PALEOMAGNETIC STUDIES ALONG THE WESTERN IDAHO SHEAR ZONE (WISZ): WHEN DID THE 90 DEGREE BEND IN THE SR 0.706 LINE OCCUR?
We have conducted paleomagnetic studies on undeformed metaluminous granitoids immediately cratonward (northward) of the Sr 0.706 line to address this issue. The paleomagnetic remanence carrier is relatively pure magnetite and/or titanohematite with magnetic blocking temperatures ranging from 550-580° C and 590-630° C. To constrain the timing of acquisition of the remanent magnetization, we conducted geochronology and paleomagnetic sampling on the same outcrops. The U-Pb analyses of zircons range from 90 Ma to 88 Ma (constraining crystallization), Ar-Ar analyses on hornblende provide an age of 84.2 ± 0.13 Ma (constraining cooling through ~450° C), and Ar-Ar analyses of biotite provide ages of 76.06 ± 0.14 Ma and 78.03 ± 0.018 Ma (constraining cooling through ~325° C).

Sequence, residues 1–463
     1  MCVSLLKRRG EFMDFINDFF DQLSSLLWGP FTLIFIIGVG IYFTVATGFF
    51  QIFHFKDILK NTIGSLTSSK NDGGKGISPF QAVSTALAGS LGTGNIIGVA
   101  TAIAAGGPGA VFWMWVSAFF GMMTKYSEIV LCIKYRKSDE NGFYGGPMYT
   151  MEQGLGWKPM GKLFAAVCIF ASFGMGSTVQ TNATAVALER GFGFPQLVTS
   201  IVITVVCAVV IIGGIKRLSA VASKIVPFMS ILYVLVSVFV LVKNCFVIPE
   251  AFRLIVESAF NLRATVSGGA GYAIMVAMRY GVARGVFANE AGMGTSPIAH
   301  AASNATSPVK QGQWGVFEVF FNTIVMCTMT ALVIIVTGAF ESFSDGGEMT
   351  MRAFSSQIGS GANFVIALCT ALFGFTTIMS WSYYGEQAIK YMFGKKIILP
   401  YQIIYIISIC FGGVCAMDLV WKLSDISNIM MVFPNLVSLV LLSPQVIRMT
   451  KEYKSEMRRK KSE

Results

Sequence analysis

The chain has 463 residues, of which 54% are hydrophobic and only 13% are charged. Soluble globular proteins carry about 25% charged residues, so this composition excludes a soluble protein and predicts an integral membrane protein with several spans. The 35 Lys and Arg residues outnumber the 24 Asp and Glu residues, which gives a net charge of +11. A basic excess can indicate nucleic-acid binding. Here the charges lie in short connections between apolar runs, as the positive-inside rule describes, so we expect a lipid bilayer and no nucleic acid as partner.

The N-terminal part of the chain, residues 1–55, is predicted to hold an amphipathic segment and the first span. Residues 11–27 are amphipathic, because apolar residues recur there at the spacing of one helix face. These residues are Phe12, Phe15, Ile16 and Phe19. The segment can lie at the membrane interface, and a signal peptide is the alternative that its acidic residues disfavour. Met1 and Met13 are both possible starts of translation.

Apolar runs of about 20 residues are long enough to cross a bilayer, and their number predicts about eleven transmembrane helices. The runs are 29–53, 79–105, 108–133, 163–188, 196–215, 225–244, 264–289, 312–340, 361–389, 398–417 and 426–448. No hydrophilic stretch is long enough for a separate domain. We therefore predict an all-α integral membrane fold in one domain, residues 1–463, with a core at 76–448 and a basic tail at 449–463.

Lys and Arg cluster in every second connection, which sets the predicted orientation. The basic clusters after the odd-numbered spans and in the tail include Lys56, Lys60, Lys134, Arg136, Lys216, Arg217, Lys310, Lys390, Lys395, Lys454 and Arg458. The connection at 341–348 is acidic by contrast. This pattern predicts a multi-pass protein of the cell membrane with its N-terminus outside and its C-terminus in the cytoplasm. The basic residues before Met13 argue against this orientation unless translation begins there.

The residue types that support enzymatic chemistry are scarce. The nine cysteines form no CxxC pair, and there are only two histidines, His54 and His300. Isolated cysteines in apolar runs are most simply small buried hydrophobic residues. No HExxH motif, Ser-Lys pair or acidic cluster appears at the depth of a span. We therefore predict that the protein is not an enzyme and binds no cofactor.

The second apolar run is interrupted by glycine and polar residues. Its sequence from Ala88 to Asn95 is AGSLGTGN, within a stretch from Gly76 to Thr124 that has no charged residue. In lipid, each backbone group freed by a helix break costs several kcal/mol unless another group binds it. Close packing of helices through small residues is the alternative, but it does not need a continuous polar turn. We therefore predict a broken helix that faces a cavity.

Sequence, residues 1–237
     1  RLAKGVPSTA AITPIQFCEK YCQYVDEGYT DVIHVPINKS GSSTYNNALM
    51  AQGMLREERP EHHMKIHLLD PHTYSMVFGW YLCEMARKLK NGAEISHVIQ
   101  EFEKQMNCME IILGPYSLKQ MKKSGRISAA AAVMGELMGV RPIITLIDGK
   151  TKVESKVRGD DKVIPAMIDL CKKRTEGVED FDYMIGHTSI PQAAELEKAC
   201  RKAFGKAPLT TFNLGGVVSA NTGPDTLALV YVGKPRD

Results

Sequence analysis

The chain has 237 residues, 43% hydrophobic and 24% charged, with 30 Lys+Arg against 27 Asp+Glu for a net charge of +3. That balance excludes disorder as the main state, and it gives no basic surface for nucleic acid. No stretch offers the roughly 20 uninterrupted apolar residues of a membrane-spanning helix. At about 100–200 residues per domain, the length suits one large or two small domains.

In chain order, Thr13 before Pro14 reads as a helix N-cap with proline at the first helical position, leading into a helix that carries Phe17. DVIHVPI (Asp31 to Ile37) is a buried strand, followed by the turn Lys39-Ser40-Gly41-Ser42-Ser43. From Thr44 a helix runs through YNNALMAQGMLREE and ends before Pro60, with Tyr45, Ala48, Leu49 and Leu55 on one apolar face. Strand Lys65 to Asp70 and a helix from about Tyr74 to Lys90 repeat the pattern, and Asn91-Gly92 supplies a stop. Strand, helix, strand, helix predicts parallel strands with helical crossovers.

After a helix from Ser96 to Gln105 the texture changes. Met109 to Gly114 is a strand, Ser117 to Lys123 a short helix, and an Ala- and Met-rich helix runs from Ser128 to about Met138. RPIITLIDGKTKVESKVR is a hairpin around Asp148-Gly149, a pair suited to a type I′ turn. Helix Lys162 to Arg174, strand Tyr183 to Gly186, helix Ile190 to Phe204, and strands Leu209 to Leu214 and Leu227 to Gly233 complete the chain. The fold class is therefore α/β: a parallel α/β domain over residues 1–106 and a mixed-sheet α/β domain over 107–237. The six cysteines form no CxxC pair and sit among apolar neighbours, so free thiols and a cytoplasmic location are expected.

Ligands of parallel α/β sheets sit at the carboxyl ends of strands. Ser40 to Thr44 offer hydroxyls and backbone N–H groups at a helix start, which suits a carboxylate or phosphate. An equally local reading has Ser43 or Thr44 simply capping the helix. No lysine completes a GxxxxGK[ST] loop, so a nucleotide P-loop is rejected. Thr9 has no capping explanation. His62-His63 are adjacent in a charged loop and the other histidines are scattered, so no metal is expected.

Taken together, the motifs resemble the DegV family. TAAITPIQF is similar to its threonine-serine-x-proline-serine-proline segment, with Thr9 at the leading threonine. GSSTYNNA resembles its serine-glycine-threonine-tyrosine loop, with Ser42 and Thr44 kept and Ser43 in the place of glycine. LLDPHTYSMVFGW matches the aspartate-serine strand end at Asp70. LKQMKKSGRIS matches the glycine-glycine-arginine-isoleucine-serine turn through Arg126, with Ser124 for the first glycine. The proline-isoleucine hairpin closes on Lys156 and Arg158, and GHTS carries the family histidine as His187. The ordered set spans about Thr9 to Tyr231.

The sites have an average declination of 003 and inclination of 65° (±15°) which suggests ~30° vertical axis clockwise rotation of the sites relative to the North American virtual geomagnetic pole, which was nearly stationary from 125-85 Ma. Results suggest that the bend in the WISZ is a primary feature, and that material on both sides of the Sr 0.706 isopleth experienced unified rigid body rotation after cessation of WISZ deformation. The restored geometry of the plate boundary reveals shear zones striking toward 030, a geometry coincident with the inferred orientation of Neoproterozoic transform faults associated with passive margin development. We infer that the western Idaho shear zone and simultaneous deformation near Orofino occurred at ~95 Ma, controlled by the orientation of the Precambrian structures. During post-90 Ma Sevier thrusting, the entire zone rotated as a coherent block, presumably on a sub-horizontal detachment. The Lewis and Clark line - a WNW striking zone that experienced sinistral transpression from 88 – 83 Ma and 76 – 55 Ma - may have partially accommodated this large scale rotation.